Matt Hale spent years pumping out violent and aggressive propaganda, particularly once he became "Pontifex Maximus" of the World Church of the Creator, which for a time was one of the largest neo-Nazi groups in America.
About Matt Hale
At the age of 11, Matt Hale realized he was a white supremacist. He would spend the next two decades involved in white nationalist and neo-Nazi groups while still living in his childhood bedroom. Hale spent years pumping out violent and aggressive propaganda, particularly once he became "Pontifex Maximus" of the World Church of the Creator, which for a time was one of the largest neo-Nazi groups in America. His beliefs inspired a killing spree by his follower and friend Ben Smith and led him to solicit the murder of a federal judge, which landed him a sentence of 40 years in prison in 2005. Since his imprisonment, the group he long led has been renamed The Creativity Movement and broken up into small remnants.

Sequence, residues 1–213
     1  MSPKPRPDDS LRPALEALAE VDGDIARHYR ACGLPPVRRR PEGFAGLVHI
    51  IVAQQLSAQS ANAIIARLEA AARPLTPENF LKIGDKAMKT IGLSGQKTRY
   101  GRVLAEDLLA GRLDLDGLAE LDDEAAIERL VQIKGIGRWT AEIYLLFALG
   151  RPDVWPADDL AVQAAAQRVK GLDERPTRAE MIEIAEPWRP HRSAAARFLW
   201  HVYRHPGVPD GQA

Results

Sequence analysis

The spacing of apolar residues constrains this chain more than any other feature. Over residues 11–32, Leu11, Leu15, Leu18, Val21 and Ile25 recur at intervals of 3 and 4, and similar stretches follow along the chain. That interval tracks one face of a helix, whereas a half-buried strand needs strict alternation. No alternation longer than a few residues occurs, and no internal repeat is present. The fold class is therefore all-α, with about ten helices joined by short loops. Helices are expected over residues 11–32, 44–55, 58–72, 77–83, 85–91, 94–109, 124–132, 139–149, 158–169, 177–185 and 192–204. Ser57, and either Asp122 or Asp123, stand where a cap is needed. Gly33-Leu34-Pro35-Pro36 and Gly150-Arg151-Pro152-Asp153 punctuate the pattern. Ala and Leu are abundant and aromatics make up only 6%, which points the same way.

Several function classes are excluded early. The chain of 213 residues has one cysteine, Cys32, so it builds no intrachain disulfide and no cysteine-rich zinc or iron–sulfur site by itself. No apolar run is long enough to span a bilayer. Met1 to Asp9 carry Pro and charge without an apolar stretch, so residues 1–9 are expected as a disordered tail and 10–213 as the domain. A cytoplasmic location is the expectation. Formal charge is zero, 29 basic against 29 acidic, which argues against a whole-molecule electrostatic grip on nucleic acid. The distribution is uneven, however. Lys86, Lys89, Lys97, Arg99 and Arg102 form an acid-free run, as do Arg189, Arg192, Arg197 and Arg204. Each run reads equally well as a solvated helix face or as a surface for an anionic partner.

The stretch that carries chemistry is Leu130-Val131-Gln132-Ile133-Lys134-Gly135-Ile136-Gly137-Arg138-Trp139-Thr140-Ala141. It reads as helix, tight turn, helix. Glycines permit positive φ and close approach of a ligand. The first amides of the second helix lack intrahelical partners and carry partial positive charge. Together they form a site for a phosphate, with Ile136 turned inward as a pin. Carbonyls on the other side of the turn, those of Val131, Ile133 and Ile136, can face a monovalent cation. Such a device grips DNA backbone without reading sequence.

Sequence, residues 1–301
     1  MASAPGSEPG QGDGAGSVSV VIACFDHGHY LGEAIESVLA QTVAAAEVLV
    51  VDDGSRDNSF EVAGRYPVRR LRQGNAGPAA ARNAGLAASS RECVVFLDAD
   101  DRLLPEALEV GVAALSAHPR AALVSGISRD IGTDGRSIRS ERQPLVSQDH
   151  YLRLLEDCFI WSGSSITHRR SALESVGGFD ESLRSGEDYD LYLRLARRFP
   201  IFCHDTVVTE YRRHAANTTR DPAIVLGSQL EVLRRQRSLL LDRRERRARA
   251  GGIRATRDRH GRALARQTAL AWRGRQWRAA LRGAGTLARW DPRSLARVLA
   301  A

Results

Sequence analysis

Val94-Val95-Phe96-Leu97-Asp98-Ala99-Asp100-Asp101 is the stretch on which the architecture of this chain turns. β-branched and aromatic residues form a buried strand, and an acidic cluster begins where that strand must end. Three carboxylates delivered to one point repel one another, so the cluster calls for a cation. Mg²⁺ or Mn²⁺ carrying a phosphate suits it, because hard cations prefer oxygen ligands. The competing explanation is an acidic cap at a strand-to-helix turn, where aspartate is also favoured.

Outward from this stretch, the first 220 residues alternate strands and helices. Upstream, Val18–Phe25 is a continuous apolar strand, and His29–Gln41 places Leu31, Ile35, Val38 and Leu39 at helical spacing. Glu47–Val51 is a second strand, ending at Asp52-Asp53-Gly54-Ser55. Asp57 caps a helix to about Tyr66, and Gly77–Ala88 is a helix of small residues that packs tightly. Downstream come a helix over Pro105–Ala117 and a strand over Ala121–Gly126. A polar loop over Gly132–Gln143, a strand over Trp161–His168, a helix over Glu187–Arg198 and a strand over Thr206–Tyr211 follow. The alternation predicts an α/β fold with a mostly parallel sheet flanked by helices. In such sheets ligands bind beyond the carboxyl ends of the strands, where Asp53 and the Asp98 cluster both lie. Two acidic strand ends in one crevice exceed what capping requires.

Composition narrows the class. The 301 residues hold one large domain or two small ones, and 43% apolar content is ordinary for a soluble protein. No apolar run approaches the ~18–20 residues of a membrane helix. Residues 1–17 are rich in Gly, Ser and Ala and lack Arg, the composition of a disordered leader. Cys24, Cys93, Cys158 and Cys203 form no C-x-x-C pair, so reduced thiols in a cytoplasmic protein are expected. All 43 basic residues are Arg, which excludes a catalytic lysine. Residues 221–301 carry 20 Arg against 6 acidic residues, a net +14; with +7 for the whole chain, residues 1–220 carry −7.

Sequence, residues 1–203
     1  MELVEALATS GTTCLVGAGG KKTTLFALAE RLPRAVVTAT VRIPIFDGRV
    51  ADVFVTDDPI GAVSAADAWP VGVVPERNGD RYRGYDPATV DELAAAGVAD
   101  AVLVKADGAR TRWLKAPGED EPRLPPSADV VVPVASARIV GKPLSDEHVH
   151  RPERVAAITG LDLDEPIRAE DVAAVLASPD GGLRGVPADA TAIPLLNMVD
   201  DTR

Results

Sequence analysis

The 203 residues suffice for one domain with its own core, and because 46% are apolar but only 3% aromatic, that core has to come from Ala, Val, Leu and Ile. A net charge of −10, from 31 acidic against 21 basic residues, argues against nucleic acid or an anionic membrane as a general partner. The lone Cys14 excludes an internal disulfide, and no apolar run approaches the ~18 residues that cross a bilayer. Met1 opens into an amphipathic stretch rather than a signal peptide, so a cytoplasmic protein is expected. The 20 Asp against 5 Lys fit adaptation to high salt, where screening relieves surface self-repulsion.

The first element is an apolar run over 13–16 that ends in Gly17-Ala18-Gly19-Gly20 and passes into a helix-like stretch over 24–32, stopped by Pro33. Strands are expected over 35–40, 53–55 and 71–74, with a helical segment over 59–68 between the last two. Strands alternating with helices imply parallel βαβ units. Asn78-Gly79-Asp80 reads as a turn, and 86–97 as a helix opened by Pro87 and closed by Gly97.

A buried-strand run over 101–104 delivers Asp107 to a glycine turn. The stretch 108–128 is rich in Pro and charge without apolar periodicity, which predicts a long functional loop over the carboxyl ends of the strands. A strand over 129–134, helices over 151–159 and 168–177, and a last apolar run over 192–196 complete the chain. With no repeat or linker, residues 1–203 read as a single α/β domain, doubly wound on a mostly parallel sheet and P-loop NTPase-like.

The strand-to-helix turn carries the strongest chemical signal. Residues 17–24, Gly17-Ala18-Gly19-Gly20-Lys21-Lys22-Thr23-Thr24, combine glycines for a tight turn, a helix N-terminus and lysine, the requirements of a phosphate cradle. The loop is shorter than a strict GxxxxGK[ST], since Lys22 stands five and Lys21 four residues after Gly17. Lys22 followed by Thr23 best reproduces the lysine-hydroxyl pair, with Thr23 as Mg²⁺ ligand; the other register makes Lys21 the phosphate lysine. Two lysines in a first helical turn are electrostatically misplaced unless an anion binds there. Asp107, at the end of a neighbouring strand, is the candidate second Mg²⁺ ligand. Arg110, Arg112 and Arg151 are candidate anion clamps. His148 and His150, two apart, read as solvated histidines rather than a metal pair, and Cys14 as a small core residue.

In His Own Words
"It is time to fan the flames of anti-Semitism far and wide. It is time to expose the Jews as being the evil incarnate of the world."
— "Fanning the Flames of Anti-Semitism," The Struggle, 2002
"Once we get the White Race thinking straight, the White Race will cease to subsidize the mud races, and they shall wither on the vine."
— Statement to the media, 1999
"The mud races may very well offer some resistance and that resistance will have to be destroyed."
— Statement to the media, 1999
"Just as Adolph Hitler knew that before he could win Germany, he must win his home turf, Munich and then Bavaria as a whole, before we can win the world, I fervently believe that we must win our capital, Illinois."